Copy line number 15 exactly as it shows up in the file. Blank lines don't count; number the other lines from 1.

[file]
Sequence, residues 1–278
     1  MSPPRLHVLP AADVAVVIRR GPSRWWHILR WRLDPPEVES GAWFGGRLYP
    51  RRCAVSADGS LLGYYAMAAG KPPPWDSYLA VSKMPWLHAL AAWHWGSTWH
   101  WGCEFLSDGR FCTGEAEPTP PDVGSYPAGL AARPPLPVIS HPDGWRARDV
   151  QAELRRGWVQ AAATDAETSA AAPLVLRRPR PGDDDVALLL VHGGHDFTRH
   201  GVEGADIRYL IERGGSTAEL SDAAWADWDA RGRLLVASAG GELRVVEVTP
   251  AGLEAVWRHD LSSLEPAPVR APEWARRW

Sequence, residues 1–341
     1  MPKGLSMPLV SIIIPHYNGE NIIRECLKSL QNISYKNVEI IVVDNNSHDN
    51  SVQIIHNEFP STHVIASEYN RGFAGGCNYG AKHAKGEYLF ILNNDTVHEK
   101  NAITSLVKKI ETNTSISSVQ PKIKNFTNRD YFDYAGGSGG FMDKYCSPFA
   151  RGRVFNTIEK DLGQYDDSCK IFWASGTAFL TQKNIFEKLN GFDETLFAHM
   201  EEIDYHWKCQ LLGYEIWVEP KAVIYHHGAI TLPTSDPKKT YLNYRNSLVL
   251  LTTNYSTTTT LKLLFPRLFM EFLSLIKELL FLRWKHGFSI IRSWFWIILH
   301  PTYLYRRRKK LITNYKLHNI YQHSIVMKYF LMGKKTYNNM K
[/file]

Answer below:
   301  PTYLYRRRKK LITNYKLHNI YQHSIVMKYF LMGKKTYNNM K